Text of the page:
Why Are My Captions Wrong?

Why Are My Captions Wrong?

At Captionmax, we take pride in our expertise and accuracy when it comes to the art of captioning. We also understand that sometimes our captions may not look correct to our viewers. Blame is often placed on human captioners, managed ASR, or a lack of proofreading, but the truth is a bit more complicated than that. With the help of our top captioning experts in live and prerecorded media, we’ve compiled the top five reasons that your closed captions might look wrong. 


#1 – Technology Blips 

The captioner transcribed this sentence as “These are pop-on captions.” However, a corrupted version displays them as yellow garbled text. 

TV is a fast-moving industry. With the addition of new web and streaming platforms, technology has quickly advanced while also introducing new complications that impact the closed captions you see.  

In live programming, issues with antennas and cable can corrupt data streams and the transmission of captions. 608 and 708 closed captioning data is decoded to make captions appear overlayed on a video stream. Poor weather, weak transmission signals, internet quality, and satellite issues can all affect these captioning streams, resulting in missing words, strange characters, caption placement changes, or even the color of the captions. 

Prerecorded captions are not immune to tech issues, but they are usually exported as broadcast-specific captioning files that can bring more consistency in display. Unfortunately, stable exports can be corrupted, or even uploaded incorrectly, which may result in missing captions, characters decoded nonsensically, and more. 

#2 – Standards and Practices 

This audio was bleeped in the version the captioner used, but the audio was dubbed with “Oh, no!” in another version of the video, resulting in an incorrect bleep. 

Standards and Practices (S&P) is a department and/or set of guidelines designed to monitor the moral, ethical, and legal issues in all broadcast and streaming programs. S&P affects captioning when it comes to profanity and music choices, with networks and streaming platforms providing guidance on how these should be transcribed by captioners.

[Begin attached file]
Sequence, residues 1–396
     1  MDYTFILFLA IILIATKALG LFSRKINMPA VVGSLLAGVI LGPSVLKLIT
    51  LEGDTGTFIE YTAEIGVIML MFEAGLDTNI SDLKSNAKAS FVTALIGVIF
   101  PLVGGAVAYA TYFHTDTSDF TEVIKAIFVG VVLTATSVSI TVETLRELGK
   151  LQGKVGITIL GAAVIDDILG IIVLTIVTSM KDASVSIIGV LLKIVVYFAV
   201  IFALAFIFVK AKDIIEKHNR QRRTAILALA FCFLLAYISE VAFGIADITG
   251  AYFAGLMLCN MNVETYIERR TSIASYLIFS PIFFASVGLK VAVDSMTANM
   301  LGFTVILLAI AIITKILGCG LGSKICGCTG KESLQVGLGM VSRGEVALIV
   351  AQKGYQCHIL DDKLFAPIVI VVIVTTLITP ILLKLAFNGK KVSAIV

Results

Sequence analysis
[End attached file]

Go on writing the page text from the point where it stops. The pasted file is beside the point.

Captioners create files based on the video and audio they are provided, but these versions may change after the fact due to S&P, causing captions to appear different from the content or audio. These changes can account for why you may see a [bleep] where something isn’t bleeped, or why you see a descriptor like [upbeat music], instead of the name of the actual song. 

Multiple versions of a program for different air times can also complicate this if they’re not provided to the captioner for reformatting, particularly when broadcast shows airing after 10pm are involved, as they are subject to different S&P guidelines regarding profanity. 

#3 – Content Prep & Whirlwind Changes 

In this caption, Eric’s name was incorrectly spelled as Erik. The captioner did not receive prep materials confirming the name, and the ID graphic was not present in the version they were given for captioning. 

Even in final cuts and live airings of programs that are locked into their audio, it’s still possible to encounter captions that may not match what you’re seeing. 

The nature of keeping up with audio transcription in live captioning means that paraphrasing is sometimes necessary to keep up with the pace of reading rate capabilities. This pacing also impacts spelling accuracies when it comes to proper nouns if prep materials aren’t provided ahead of time. Live captioners can correct a word if they mistranscribe, but that can be hard to do when there’s no context or materials available ahead of time. Captioners must make split-second judgment calls and are ultimately driven to get audio transcribed as quickly as possible in a live environment.